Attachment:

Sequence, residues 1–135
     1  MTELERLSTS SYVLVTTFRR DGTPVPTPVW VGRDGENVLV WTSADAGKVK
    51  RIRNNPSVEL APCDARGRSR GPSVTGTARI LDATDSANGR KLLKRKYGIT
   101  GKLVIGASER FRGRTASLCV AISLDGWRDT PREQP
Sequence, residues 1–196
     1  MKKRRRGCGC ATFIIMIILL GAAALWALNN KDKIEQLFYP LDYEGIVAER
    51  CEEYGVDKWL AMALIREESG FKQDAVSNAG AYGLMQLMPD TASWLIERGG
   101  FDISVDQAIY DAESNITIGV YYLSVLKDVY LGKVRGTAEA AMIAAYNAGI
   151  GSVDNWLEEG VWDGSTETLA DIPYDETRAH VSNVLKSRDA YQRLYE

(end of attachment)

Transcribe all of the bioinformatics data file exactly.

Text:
Sequence, residues 1–135
     1  MTELERLSTS SYVLVTTFRR DGTPVPTPVW VGRDGENVLV WTSADAGKVK
    51  RIRNNPSVEL APCDARGRSR GPSVTGTARI LDATDSANGR KLLKRKYGIT
   101  GKLVIGASER FRGRTASLCV AISLDGWRDT PREQP
Sequence, residues 1–196
     1  MKKRRRGCGC ATFIIMIILL GAAALWALNN KDKIEQLFYP LDYEGIVAER
    51  CEEYGVDKWL AMALIREESG FKQDAVSNAG AYGLMQLMPD TASWLIERGG
   101  FDISVDQAIY DAESNITIGV YYLSVLKDVY LGKVRGTAEA AMIAAYNAGI
   151  GSVDNWLEEG VWDGSTETLA DIPYDETRAH VSNVLKSRDA YQRLYE